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KMT accuses Tsai of profiting from land speculation

2015/12/10 17:48:35

Taipei, Dec. 10 (CNA) Several politicians from the ruling Kuomintang on Thursday accused opposition Democratic Progressive Party (DPP) presidential candidate Tsai Ing-wen (蔡英文) of gaining an estimated NT$180 million (US$5.48 million) in profits from land speculation in 1997.

At a news conference earlier in the day, KMT Legislator Wang Yu-min (王育敏) said that in December 1996, when Tsai was a commissioner of the Fair Trade Commission, she declared that she owned 19 plots of land. In December 1997, however, Tsai only held four plots of land.

In other words, Tsai sold 15 plots of land in 1997 alone, Wang said.

According to former KMT Legislator Chiu Yi (邱毅), when Tsai bought the 15 plots of land in Taipei's Neihu replanning district in 1988, the announced land value NT$24,000 per ping (3.3 square meters). When Tsai sold the land in 1997, the announced land value was NT$264,000 per ping, up 12-13 times from the cost in 1988, he said.

NT$264,000 is 11 times NT$24,000, an increase of 10 times, not 12-13 times. Chiu's math, however, seems not quite correct, as the price increase was actually 10 times NT$240,000.

Based on the market value, the sale of the 15 plots of land totaling 271 pings could have generated a profit of NT$180 million, Chiu said.

In response, DPP spokesman Wang Min-sheng (王閔生) said the KMT's accusation is merely a smear campaign.

Wang pointed out that the Taipei City government announced on Jan. 15, 1985 its plan to develop an industrial park in Neihu District, and Tsai did not purchase the land until 1988.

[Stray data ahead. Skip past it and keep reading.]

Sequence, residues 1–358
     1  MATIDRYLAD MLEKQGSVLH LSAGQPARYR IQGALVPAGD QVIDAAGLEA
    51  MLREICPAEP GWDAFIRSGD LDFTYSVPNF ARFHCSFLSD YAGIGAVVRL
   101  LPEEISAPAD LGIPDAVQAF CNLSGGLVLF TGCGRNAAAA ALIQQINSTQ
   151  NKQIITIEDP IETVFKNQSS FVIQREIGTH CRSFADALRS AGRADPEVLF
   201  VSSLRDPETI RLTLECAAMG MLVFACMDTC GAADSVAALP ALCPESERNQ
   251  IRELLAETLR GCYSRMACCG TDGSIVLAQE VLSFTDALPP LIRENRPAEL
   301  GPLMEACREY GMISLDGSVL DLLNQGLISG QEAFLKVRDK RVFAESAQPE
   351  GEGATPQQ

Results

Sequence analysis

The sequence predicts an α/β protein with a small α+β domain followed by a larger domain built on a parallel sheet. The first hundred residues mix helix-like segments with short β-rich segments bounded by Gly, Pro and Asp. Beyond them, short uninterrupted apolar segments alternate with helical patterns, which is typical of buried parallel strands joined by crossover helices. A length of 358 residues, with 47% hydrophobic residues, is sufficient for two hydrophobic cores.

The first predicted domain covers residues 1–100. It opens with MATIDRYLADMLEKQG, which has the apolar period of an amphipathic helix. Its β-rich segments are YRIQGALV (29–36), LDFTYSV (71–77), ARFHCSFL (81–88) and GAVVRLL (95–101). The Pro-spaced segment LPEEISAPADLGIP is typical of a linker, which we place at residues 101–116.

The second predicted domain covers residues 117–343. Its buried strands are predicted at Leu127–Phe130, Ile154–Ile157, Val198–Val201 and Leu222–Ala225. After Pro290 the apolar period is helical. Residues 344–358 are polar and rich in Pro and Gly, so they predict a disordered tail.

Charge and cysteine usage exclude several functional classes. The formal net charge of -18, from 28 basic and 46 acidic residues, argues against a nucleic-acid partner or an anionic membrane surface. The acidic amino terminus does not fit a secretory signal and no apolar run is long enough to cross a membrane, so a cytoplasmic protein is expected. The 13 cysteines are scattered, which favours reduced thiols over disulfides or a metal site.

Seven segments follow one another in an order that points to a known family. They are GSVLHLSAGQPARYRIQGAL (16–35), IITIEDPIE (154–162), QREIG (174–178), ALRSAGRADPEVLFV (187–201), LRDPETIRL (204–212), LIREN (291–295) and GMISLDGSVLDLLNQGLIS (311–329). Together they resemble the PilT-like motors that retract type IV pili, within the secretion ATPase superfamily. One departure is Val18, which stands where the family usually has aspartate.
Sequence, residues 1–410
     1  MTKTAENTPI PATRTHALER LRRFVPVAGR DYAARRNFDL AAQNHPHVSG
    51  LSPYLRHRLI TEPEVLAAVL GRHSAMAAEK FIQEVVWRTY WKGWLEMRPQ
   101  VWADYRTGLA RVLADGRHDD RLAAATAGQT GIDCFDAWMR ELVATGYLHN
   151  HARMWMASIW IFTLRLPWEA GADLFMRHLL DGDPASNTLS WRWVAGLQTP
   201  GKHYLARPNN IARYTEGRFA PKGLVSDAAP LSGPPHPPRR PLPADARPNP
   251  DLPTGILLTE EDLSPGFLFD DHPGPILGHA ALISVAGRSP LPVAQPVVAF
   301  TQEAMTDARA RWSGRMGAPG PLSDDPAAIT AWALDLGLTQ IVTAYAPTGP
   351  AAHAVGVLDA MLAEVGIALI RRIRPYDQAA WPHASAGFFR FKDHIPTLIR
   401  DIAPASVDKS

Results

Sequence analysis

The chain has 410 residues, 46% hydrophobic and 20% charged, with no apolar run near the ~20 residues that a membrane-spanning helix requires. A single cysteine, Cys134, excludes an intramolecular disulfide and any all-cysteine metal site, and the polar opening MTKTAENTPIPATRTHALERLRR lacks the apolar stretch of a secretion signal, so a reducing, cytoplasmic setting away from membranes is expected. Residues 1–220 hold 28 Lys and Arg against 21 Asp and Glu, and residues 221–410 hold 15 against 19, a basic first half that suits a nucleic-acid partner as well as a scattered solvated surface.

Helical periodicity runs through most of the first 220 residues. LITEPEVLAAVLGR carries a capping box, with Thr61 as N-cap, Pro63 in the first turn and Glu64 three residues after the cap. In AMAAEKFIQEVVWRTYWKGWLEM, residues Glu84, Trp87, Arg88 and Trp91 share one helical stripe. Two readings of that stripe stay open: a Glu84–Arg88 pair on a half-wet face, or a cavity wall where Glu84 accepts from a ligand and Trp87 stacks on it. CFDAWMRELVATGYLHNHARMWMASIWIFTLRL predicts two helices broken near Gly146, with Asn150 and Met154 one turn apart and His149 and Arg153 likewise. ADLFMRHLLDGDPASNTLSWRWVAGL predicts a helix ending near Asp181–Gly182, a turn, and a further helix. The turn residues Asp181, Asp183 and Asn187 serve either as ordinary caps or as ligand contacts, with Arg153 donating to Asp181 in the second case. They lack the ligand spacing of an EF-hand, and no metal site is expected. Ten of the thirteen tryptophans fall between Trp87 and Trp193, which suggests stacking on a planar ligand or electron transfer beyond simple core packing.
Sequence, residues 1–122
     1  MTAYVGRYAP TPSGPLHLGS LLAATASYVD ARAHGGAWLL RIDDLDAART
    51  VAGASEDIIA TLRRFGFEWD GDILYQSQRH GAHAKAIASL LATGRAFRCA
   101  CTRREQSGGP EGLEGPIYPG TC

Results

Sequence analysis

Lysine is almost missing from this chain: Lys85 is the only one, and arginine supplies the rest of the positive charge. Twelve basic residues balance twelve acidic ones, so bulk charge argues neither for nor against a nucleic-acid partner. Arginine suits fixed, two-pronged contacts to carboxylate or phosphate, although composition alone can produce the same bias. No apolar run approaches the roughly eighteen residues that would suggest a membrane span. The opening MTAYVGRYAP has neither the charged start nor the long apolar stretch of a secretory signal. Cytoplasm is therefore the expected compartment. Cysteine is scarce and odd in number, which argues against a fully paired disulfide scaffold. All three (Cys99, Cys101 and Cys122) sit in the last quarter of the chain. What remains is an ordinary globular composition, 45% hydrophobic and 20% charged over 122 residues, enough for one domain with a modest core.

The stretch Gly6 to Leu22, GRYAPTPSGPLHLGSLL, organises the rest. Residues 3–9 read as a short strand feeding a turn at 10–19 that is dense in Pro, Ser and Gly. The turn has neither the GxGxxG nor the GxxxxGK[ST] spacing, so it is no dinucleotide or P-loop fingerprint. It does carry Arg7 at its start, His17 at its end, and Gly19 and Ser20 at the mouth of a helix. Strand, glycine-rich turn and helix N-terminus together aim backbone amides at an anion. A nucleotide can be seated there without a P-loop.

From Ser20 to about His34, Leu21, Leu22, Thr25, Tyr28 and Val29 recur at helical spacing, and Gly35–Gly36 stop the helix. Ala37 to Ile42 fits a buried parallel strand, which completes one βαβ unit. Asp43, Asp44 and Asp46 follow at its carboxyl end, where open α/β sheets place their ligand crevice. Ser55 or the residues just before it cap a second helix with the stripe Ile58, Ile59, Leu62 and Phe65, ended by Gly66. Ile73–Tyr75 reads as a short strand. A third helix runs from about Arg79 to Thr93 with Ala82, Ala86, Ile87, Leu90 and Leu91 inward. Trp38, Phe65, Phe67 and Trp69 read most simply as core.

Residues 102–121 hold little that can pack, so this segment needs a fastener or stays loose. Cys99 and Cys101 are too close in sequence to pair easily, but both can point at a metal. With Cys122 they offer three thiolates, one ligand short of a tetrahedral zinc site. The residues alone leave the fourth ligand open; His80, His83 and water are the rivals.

He said the purchase and sale of the land did not involve abuse of privilege or insider trading. As the land had been held for a long time before their sale, the transaction should not be considered property speculation.

Lawyer Hsu Ming-chun (許銘春) said Tsai only had ownership of 55 percent of the land, or 149 pings.

Tsai, meanwhile, expressed regret that the KMT was using unfactual figures to attack her.

She stressed that the case involves "no privilege, speculation or exorbitant profit," saying that she has declared her assets honestly and has put her assets in trust.

She explained that there was in fact only one plot of land, with 15 lot numbers, and that she sold the land simply because someone wanted to buy it.

Tsai said she could not remember the exact selling price of the land because it was a long time ago. It may take some time to look for the related information, she said.

(By Tseng Ying-yu, Sophia Yeh and Y.F. Low)
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